to believe that an inclusive Higher Consciousness could restore us to
– A Rephrasing of the Big Book of Alcoholics Anonymous
Acceptance of our being out of control and ruinously misled takes us naturally into Step Two. By this time, we have begun to see the results of past beliefs. “Came to believe” might imply that former beliefs and assumptions by which we were guided resulted in our current unmanageable state of affairs. Belief in an inclusive Higher Consciousness did not seem necessary until we took Step One and admitted that we were out of control and could not successfully discern right from wrong. Before that, we were operating on ego, willfulness and fear. We clung to our God and our Rights. Our beliefs discounted the obvious fact that, while the rest of the world may see God differently, He is also their God; loves them just as fervently and as steadfastly as He loves us; and grants them the same inalienable rights that He has granted to us. Our religious dogma misled us into self-aggrandizement, self-congratulatory lies, and selfishness. We lost the compassion Jesus had for others. We lost the ability to see enemies as people. Our rhetoric and invective truncated our human compassion at our borders. We mouthed dishonest justifications for meaningless violence ruining lives and property of brothers and sisters who merited (but did not receive) our compassion and understanding.
As we begin to accept the notion of a compassionate Higher Consciousness, of an inclusive God with all-encompassing love and understanding, we start to function in a healthier way. We begin to feel a new sense of peace and serenity. We recognize that most enmity was a fiction created out of our inability to see beyond our borders, to reach across that imaginary dividing line and see the rest of our family, fellow elders of the human tribe, fellow travelers on spaceship Earth; fellow ancestors to our mutual progeny, loving and loyal, just like we are.
must not let ourselves be consumed with anger or shame. This has
been going on for millenia. We didn’t create it. We didn’t know any
What blocks our acceptance of a compassionate and inclusive Higher Power?
To be a Higher Consciousness, a “Higher Power” must be universal and unconditionally loving. He/She/It must not promote prejudice or violence as the god of Judaism, Christianity, and Islam has done and is doing. To see clearly, we must somehow divest ourselves of much, if not most, of what we learned in childhood; of attitudes and beliefs which have been reinforced throughout our lives.
Our religious beliefs led us into assuming the worst of some arbitrary “enemy” whose “evil” must be stopped by violence. Almost invariably, this led, not to a resolution but to a worse “evil” that had to be stopped by even more violence. Because our religious beliefs held us as preferred by our Creator, this made it doubly difficult to rid ourselves of these erroneous attitudes. It is so much easier to vilify and denigrate others with different traditions, different customs and different attitudes than to descend to equality with the rest of the world.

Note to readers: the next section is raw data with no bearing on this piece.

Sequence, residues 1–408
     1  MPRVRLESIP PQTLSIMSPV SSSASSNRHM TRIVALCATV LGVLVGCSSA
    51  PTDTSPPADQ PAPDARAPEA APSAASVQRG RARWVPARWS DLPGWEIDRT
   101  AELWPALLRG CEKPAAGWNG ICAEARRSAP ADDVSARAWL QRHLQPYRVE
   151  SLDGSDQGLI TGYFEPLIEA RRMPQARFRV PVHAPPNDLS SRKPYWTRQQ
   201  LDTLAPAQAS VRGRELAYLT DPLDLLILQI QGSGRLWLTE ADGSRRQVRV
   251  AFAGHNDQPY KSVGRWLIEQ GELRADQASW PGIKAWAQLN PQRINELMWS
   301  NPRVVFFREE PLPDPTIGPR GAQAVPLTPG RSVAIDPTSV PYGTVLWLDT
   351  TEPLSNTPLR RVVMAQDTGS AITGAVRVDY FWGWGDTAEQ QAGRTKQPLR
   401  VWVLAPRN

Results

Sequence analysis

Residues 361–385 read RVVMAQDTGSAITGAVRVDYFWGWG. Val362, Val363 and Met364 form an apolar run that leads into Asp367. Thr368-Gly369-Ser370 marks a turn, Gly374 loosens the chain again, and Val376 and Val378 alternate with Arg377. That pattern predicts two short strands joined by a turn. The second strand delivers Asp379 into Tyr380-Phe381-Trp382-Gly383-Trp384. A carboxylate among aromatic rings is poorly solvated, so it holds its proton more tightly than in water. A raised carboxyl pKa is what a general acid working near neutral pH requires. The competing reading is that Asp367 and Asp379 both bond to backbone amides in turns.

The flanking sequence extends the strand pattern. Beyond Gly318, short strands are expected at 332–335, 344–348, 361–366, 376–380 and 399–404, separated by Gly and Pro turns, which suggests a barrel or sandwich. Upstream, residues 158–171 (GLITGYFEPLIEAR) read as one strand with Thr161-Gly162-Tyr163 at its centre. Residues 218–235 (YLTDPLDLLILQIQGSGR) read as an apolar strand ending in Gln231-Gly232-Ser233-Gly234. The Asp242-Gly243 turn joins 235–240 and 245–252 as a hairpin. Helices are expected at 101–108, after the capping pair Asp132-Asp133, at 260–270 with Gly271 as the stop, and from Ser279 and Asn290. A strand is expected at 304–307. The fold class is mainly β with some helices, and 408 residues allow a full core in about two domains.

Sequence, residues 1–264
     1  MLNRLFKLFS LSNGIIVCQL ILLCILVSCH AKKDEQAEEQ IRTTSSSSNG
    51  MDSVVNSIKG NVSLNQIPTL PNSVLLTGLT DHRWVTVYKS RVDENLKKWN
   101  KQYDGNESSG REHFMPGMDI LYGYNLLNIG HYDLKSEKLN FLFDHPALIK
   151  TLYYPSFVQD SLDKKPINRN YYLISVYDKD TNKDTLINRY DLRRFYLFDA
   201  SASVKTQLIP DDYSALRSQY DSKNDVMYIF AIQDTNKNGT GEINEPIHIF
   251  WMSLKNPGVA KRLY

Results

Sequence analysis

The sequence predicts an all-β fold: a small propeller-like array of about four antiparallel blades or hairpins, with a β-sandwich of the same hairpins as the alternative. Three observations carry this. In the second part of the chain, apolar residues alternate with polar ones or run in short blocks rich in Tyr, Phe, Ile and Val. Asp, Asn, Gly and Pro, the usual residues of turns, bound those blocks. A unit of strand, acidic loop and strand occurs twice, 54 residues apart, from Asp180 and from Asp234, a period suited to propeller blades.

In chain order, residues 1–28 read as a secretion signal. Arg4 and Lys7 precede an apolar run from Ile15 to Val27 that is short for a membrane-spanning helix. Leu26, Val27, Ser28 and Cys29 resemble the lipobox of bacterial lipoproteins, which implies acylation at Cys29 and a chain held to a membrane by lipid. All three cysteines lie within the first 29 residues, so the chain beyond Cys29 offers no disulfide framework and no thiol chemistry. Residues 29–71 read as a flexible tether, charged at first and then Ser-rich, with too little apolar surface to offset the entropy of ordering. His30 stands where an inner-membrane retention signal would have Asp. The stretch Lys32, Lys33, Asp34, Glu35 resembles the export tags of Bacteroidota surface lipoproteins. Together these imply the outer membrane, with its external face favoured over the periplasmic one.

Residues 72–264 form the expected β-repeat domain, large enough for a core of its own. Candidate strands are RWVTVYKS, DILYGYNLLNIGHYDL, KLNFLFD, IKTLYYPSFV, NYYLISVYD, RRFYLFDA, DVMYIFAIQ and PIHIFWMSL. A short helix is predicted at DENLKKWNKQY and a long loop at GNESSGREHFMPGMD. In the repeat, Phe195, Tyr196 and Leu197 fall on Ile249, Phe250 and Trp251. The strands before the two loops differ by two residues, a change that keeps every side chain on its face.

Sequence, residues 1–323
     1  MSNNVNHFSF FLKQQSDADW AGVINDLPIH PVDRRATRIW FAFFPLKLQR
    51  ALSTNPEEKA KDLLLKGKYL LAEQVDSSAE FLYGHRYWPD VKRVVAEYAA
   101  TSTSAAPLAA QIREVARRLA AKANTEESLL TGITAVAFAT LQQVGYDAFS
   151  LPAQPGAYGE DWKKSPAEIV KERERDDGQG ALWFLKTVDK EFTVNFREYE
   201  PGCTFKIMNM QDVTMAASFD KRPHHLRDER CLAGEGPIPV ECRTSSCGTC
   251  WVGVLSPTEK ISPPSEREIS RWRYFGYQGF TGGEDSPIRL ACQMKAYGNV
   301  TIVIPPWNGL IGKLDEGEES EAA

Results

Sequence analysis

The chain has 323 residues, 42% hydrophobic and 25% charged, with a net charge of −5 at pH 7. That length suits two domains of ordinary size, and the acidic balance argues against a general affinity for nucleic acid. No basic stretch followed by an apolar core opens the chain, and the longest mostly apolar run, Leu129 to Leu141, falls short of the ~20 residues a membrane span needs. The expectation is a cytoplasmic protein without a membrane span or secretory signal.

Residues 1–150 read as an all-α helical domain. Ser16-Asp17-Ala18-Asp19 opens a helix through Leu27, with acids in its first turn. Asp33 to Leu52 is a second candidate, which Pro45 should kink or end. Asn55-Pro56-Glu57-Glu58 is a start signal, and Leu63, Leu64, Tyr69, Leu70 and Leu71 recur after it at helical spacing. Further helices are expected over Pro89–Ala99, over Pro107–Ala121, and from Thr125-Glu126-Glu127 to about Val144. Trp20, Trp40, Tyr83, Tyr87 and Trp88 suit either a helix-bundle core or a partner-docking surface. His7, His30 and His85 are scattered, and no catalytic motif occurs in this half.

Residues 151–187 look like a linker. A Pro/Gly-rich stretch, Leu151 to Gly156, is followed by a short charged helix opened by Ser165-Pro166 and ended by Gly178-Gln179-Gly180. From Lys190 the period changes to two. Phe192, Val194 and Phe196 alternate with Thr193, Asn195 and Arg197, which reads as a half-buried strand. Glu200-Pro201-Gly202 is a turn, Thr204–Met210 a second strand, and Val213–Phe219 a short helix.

Our blind loyalty to our flag and our armies and our dominance in the world also kept us from noticing many things we have in common with them even though they may look and sound differently. Traditionally, both religion and nationality placed us above others in our imagining of God’s viewpoint. To be equals, we must find an inclusive God rather than an exclusive one.
Adopting an inclusive Higher Power may force us to revise our personal identities. We might not be able to look at ourselves as especially favored by God. We might have to extend our allegiance to the rest of the world, beyond our borders, our language, our skin color, our religion and perhaps even our idea of a preferred sexual orientation.
We might have to revise the Pledge of Allegiance or at least our national agenda and our understanding of the words “under God.”
We could no longer look with dismissive disdain on socialism or communism or even totalitarianism. We would have to rethink everything! Our economic and political systems would no longer be “the best in the world” without one iota of proof. We might have to look at the merits of other, differing ways of doing things as equal to and possibly superior to current norms. Having to descend from the lofty heights of continuous self-aggrandizement, we would certainly be humbled by this experience.
We must act towards other countries, religions and cultures as we would have them act towards us.
What are the properties of this presumed “Higher Consciousness” we might believe in?
It doesn’t favor one gender over another. While genders may differ, their abilities and their characteristics are equally needed, equally important and equally qualified for leadership.
An inclusive Higher Consciousness doesn’t favor one religion or one sect or one set of beliefs over others. It is OK to have beliefs1. It is a serious problem when our beliefs lead us into grandiosity and/or disdain for others.
While an inclusive Higher Power might forgive and bless us all, forgiveness does not, as some religions teach us, make us immune to the ongoing results of destructive attitudes and behaviors. It is necessary for us to learn new approaches to problem-solving rather than being stuck in endless cycles of making mistakes and begging forgiveness. It will be necessary for us to acknowledge and, wherever possible, correct conditions caused by those mistakes (Steps 4-10).
An inclusive Higher Consciousness might accept all religions as efforts to understand and explain things that are essentially incomprehensible. He or She or It created us all and thus, we are all necessary members of the human family. We must come to believe that God loves all of us equally; that he ((or she) blesses all of us and wishes all of us to support each other. Our God must be the God of everyone and everything, not a God we define, control or manipulate.